Marion Chesney, a.k.a. Mystery Writer M.C. Beaton, Dies at 83
In 1969 she married Harry Scott Gibbons, a journalist whose work led the couple to move to the United States. She was a fan of Georgette Heyer’s romances set in the Regency period of British history, and when she complained to her husband that Heyer’s many imitators often bungled the historical facts and generally wrote poorly, he challenged her to write a novel herself.
The first, “Regency Gold,” was published under the pen name Jennie Tremaine. She wrote more than 100 romances, under that name, her own, and pseudonyms that included Ann Fairfax, Helen Crampton and Charlotte Ward. In recent interviews she acknowledged that she had lost count of how many books she had written, though she estimated that it was at least 160.
“As an ex-reporter I write very quickly,” she told the online magazine Shots, “and there are always ideas all about, like what people say, stories in the newspapers, or, in the case of Agatha, an ongoing irritation with political correctness.”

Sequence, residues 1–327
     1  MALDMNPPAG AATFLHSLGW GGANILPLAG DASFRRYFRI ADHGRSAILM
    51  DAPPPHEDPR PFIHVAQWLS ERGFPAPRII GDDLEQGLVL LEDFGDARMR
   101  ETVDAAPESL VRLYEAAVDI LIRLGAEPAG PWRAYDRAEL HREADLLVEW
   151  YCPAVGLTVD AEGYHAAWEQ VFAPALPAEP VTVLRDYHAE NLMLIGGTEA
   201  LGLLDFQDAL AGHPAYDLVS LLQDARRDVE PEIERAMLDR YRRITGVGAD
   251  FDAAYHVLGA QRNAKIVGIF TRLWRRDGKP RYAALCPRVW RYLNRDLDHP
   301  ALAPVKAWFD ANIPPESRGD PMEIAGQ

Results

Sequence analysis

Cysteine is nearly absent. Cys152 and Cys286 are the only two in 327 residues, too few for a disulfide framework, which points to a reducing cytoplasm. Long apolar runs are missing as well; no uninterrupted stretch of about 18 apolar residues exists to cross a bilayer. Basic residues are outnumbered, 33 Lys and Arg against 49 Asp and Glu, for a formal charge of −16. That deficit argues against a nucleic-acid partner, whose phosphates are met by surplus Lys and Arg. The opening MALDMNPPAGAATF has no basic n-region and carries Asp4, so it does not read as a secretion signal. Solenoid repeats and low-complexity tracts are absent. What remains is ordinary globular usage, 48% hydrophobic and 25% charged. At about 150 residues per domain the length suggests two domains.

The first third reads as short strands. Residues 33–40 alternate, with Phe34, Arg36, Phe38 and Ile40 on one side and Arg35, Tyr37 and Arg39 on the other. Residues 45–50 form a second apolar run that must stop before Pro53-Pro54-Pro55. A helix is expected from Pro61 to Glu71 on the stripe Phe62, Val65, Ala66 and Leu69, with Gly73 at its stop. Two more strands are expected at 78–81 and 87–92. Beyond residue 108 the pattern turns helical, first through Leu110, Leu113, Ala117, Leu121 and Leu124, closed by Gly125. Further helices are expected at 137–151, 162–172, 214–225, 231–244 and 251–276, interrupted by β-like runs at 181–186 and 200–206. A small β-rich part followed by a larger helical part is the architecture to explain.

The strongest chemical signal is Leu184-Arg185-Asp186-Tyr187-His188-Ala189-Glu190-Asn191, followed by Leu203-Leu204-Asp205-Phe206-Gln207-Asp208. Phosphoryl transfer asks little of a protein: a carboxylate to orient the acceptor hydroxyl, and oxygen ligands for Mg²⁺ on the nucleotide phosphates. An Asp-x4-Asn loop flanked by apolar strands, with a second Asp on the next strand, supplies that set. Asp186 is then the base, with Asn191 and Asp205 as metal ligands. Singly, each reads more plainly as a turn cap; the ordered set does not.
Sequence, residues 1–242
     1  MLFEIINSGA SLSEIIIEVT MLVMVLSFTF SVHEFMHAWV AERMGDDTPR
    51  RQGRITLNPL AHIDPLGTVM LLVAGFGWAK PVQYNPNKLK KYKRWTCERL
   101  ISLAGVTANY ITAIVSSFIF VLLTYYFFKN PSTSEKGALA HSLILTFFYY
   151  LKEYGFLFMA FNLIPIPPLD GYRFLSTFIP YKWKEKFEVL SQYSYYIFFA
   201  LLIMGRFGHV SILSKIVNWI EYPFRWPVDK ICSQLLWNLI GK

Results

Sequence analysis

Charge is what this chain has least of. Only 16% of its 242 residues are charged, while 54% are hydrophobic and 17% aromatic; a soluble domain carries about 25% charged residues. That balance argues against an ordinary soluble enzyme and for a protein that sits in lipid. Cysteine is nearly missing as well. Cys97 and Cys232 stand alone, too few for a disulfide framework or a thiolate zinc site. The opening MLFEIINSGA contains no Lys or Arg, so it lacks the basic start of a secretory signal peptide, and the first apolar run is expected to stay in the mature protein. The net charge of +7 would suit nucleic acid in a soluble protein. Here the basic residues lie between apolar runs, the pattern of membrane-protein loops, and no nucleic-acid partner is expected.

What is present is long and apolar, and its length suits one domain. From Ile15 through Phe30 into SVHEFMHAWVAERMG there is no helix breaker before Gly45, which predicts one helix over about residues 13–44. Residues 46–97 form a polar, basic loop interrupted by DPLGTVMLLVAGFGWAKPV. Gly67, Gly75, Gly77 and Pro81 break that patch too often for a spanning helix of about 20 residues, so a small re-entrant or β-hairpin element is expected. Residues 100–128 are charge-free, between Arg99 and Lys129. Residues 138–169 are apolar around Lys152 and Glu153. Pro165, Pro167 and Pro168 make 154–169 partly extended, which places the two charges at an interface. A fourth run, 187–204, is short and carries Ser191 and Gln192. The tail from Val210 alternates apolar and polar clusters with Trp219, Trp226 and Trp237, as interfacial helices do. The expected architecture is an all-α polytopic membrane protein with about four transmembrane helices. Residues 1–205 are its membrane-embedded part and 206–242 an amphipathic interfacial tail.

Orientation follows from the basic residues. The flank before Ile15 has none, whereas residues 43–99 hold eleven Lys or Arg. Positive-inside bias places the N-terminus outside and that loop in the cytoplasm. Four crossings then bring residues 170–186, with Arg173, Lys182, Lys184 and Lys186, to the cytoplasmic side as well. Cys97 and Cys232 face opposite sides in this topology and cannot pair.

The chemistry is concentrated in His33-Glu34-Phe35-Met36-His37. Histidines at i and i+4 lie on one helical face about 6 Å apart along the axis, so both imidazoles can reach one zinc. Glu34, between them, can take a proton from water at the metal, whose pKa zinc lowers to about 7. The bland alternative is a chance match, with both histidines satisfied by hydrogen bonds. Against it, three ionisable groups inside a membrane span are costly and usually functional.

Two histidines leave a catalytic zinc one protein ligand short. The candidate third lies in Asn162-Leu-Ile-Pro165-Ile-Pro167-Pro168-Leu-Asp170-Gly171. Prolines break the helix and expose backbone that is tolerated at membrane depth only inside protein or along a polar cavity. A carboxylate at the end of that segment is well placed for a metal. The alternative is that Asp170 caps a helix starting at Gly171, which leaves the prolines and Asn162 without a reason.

Agatha was brusque and in some ways unlikable, whereas Hamish was laid back. Both often found their insular small towns disrupted from without.
“Outsiders always spell trouble for the inbred societies that Beaton observes with such cynical humor,” Marilyn Stasio wrote in The New York Times in 1998, comparing “Death of a Scriptwriter,” a Hamish Macbeth mystery, and “Agatha Raisin and the Wellspring of Death,” both of which had recently been published. “If these strangers in paradise don’t themselves poison the well water, they tap the sources of discontent from which all malice and bitterness flow.”
Ms. Chesney’s husband died in 2016. She is survived by their son, Charles Gibbons.
In an interview last year with the British magazine My Weekly pegged to the recent publication of the 34th Hamish Macbeth book, “Death of an Honest Man,” Ms. Chesney was asked about retirement.
“I will be working until I die,” she said, “because I am old and I have contracts to honor.”
The article was originally published by Newyorktimes